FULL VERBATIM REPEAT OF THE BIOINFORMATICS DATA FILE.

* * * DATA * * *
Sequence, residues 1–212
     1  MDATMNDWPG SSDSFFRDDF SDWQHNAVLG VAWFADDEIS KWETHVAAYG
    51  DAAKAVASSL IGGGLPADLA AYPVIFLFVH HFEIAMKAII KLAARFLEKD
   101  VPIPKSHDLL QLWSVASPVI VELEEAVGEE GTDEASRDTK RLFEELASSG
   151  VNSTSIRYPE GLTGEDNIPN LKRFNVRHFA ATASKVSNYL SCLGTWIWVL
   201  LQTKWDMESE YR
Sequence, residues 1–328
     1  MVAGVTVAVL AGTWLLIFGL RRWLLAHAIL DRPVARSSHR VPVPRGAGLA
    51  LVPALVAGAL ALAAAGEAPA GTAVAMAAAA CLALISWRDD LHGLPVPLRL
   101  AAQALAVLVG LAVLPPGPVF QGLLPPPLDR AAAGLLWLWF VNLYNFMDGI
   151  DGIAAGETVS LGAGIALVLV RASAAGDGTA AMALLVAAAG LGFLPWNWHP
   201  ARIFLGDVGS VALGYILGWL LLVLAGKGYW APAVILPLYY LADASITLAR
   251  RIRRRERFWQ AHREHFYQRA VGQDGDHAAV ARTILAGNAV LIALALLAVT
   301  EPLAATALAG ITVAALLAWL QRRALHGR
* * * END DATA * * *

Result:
Sequence, residues 1–212
     1  MDATMNDWPG SSDSFFRDDF SDWQHNAVLG VAWFADDEIS KWETHVAAYG
    51  DAAKAVASSL IGGGLPADLA AYPVIFLFVH HFEIAMKAII KLAARFLEKD
   101  VPIPKSHDLL QLWSVASPVI VELEEAVGEE GTDEASRDTK RLFEELASSG
   151  VNSTSIRYPE GLTGEDNIPN LKRFNVRHFA ATASKVSNYL SCLGTWIWVL
   201  LQTKWDMESE YR
Sequence, residues 1–328
     1  MVAGVTVAVL AGTWLLIFGL RRWLLAHAIL DRPVARSSHR VPVPRGAGLA
    51  LVPALVAGAL ALAAAGEAPA GTAVAMAAAA CLALISWRDD LHGLPVPLRL
   101  AAQALAVLVG LAVLPPGPVF QGLLPPPLDR AAAGLLWLWF VNLYNFMDGI
   151  DGIAAGETVS LGAGIALVLV RASAAGDGTA AMALLVAAAG LGFLPWNWHP
   201  ARIFLGDVGS VALGYILGWL LLVLAGKGYW APAVILPLYY LADASITLAR
   251  RIRRRERFWQ AHREHFYQRA VGQDGDHAAV ARTILAGNAV LIALALLAVT
   301  EPLAATALAG ITVAALLAWL QRRALHGR